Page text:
After the release of the child safety feature ‘Communication safety in Messages‘ in the United States, Apple is planning to expand it to Canada and the United Kingdom (UK).
In August 2021, Apple announced new ‘Expanded Protections for Children‘ features to prevent the spread of Child Sexual Abuse Material (CSAM) which included Communication safety in Messages, Detection of CSAM, and Expanded guidance in Siri, Spotlight, and Safari Search.
However, Apple received a lot of backlash from cybersecurity experts who feared that the scanning technology introduced in the Expanded Protections for Children features to detect CSAM would open a pandora’s box of relentless surveillance and censorship of citizens, especially by authoritarian regimes to suppress dissidents and rival politicians.
Therefore, the company delayed the features to consult with child safety and privacy experts and finally released Communication safety in Messages and Expanded guidance in Siri, Spotlight, and Safari Search in iOS 15.2, iPadOS 15.2, watchOS 8.3, and macOS 12.1 to help keep children safe in the United States.
Nudity detection child safety feature “Communication safety in Messages” is coming to Canada and UK
The Guardian reports that the child safety feature to detect nudity or CSAM sent or received in Messages will be released in the UK.
Communication safety in Messages is an opt-in feature that uses AI technology to scan the contents of the Messages app for CSAM or nudity and show children warning alerts prior to viewing such content when enabled. The feature requires a Family Sharing plan.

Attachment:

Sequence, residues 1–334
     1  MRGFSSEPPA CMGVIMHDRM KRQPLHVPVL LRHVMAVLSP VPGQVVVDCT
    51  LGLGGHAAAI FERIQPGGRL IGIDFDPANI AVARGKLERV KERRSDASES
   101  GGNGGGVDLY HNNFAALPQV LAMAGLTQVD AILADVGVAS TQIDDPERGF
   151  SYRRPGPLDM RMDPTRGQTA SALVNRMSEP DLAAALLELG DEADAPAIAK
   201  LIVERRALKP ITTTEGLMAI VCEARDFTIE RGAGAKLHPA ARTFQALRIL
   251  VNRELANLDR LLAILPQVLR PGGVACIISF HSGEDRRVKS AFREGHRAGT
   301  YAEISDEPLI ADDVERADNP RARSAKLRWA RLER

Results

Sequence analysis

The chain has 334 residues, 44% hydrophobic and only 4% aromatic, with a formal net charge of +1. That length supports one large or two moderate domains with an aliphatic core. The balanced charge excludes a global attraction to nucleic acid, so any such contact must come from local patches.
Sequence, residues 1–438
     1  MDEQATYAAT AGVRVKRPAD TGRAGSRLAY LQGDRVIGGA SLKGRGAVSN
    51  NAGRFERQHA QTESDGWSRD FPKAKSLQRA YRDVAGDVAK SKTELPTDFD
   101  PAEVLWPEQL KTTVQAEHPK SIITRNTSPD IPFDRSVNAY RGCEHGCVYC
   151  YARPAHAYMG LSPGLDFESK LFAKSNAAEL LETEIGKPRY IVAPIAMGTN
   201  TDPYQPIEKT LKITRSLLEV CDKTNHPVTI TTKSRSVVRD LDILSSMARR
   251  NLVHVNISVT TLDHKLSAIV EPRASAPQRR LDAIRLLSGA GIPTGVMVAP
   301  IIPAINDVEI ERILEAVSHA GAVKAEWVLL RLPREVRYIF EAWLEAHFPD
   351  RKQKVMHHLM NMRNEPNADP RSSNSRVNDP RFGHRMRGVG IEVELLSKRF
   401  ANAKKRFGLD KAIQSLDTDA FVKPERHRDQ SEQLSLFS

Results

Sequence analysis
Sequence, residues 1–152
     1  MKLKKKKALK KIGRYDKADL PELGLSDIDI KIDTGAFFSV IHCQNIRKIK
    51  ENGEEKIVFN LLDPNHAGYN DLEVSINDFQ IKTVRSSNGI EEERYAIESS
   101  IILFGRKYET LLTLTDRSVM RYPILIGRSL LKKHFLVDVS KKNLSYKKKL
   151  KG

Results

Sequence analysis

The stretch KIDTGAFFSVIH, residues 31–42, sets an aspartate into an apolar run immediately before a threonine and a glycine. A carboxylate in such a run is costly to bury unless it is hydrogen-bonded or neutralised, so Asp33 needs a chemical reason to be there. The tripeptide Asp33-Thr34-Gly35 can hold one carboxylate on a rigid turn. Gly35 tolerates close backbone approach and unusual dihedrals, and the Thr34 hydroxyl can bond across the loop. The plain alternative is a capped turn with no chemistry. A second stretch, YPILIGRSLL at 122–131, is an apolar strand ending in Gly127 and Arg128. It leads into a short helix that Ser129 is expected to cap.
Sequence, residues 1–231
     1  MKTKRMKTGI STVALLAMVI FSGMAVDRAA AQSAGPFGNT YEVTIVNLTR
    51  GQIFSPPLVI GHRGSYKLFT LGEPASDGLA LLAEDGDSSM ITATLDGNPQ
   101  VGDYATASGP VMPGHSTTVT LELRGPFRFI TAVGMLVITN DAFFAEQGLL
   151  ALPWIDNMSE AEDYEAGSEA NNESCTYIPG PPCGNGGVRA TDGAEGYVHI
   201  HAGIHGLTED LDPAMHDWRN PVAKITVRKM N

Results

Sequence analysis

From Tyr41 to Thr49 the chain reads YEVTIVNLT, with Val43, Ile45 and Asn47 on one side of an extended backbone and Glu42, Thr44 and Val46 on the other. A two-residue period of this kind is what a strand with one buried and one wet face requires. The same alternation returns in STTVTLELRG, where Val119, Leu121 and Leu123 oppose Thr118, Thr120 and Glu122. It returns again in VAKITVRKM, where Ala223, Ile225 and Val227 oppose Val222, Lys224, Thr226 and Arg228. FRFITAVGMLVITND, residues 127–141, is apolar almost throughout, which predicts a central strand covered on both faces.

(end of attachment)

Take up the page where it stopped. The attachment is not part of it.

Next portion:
Furthermore, developer @Rene Ritchie shared that Apple will soon launch the Communication Safety in Messages and Expanded guidance in Siri, Spotlight, and Search in Canada.
Like the child safety feature for Messages, Apple’s ‘Expanded guidance in Siri, Spotlight, and Safari Search’ feature is designed to intervene when users search for CSAM and provide parents and children with resources or guidance on how to report CSAM.
The third “Detection CSAM” feature part of the Expanded Protections for Children has not been released yet. The feature is designed to scan and detect CSAM images stored in iCloud Photos which has received the most criticism for turning iPhones into surveillance devices.
To detect CSAM images, Apple’s new system will carry out on-device matching based on the database of known CSAM image hashes provided by NCMEC and other child safety organizations. The database will be stored on users’ devices as an unreadable set of hashes.